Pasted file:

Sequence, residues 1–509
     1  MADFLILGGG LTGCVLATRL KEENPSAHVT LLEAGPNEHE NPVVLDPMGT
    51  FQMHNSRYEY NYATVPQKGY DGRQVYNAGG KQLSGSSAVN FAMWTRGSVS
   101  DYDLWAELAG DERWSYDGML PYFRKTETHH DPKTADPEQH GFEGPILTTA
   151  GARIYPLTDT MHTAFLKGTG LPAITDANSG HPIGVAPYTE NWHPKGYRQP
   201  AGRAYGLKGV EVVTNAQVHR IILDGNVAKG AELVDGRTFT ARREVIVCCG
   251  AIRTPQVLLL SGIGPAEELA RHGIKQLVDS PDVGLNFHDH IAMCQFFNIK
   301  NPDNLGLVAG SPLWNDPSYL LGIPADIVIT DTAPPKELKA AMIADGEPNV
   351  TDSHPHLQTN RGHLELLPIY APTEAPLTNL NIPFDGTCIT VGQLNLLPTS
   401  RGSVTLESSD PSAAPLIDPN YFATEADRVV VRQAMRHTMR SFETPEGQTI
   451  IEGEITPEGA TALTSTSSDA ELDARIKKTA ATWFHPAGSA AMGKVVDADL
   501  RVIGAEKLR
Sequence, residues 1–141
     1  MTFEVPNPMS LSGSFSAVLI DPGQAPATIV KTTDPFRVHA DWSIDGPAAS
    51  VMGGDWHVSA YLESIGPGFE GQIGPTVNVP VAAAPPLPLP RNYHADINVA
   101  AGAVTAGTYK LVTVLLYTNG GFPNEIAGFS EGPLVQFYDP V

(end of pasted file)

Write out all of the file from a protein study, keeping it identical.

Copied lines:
Sequence, residues 1–509
     1  MADFLILGGG LTGCVLATRL KEENPSAHVT LLEAGPNEHE NPVVLDPMGT
    51  FQMHNSRYEY NYATVPQKGY DGRQVYNAGG KQLSGSSAVN FAMWTRGSVS
   101  DYDLWAELAG DERWSYDGML PYFRKTETHH DPKTADPEQH GFEGPILTTA
   151  GARIYPLTDT MHTAFLKGTG LPAITDANSG HPIGVAPYTE NWHPKGYRQP
   201  AGRAYGLKGV EVVTNAQVHR IILDGNVAKG AELVDGRTFT ARREVIVCCG
   251  AIRTPQVLLL SGIGPAEELA RHGIKQLVDS PDVGLNFHDH IAMCQFFNIK
   301  NPDNLGLVAG SPLWNDPSYL LGIPADIVIT DTAPPKELKA AMIADGEPNV
   351  TDSHPHLQTN RGHLELLPIY APTEAPLTNL NIPFDGTCIT VGQLNLLPTS
   401  RGSVTLESSD PSAAPLIDPN YFATEADRVV VRQAMRHTMR SFETPEGQTI
   451  IEGEITPEGA TALTSTSSDA ELDARIKKTA ATWFHPAGSA AMGKVVDADL
   501  RVIGAEKLR
Sequence, residues 1–141
     1  MTFEVPNPMS LSGSFSAVLI DPGQAPATIV KTTDPFRVHA DWSIDGPAAS
    51  VMGGDWHVSA YLESIGPGFE GQIGPTVNVP VAAAPPLPLP RNYHADINVA
   101  AGAVTAGTYK LVTVLLYTNG GFPNEIAGFS EGPLVQFYDP V